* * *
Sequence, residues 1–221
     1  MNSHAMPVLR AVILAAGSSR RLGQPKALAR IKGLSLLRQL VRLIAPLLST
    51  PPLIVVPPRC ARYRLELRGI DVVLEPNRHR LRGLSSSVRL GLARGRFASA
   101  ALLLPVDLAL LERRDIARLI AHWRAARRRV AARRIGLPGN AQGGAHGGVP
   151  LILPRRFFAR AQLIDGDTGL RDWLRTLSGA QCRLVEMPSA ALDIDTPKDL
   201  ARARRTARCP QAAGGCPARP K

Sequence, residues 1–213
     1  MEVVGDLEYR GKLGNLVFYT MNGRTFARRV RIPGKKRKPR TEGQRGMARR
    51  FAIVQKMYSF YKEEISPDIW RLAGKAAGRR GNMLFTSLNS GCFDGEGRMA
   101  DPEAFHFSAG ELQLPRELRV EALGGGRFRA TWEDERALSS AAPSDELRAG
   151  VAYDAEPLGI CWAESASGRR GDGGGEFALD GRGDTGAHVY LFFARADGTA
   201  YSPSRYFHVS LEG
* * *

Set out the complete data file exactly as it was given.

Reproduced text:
Sequence, residues 1–221
     1  MNSHAMPVLR AVILAAGSSR RLGQPKALAR IKGLSLLRQL VRLIAPLLST
    51  PPLIVVPPRC ARYRLELRGI DVVLEPNRHR LRGLSSSVRL GLARGRFASA
   101  ALLLPVDLAL LERRDIARLI AHWRAARRRV AARRIGLPGN AQGGAHGGVP
   151  LILPRRFFAR AQLIDGDTGL RDWLRTLSGA QCRLVEMPSA ALDIDTPKDL
   201  ARARRTARCP QAAGGCPARP K

Sequence, residues 1–213
     1  MEVVGDLEYR GKLGNLVFYT MNGRTFARRV RIPGKKRKPR TEGQRGMARR
    51  FAIVQKMYSF YKEEISPDIW RLAGKAAGRR GNMLFTSLNS GCFDGEGRMA
   101  DPEAFHFSAG ELQLPRELRV EALGGGRFRA TWEDERALSS AAPSDELRAG
   151  VAYDAEPLGI CWAESASGRR GDGGGEFALD GRGDTGAHVY LFFARADGTA
   201  YSPSRYFHVS LEG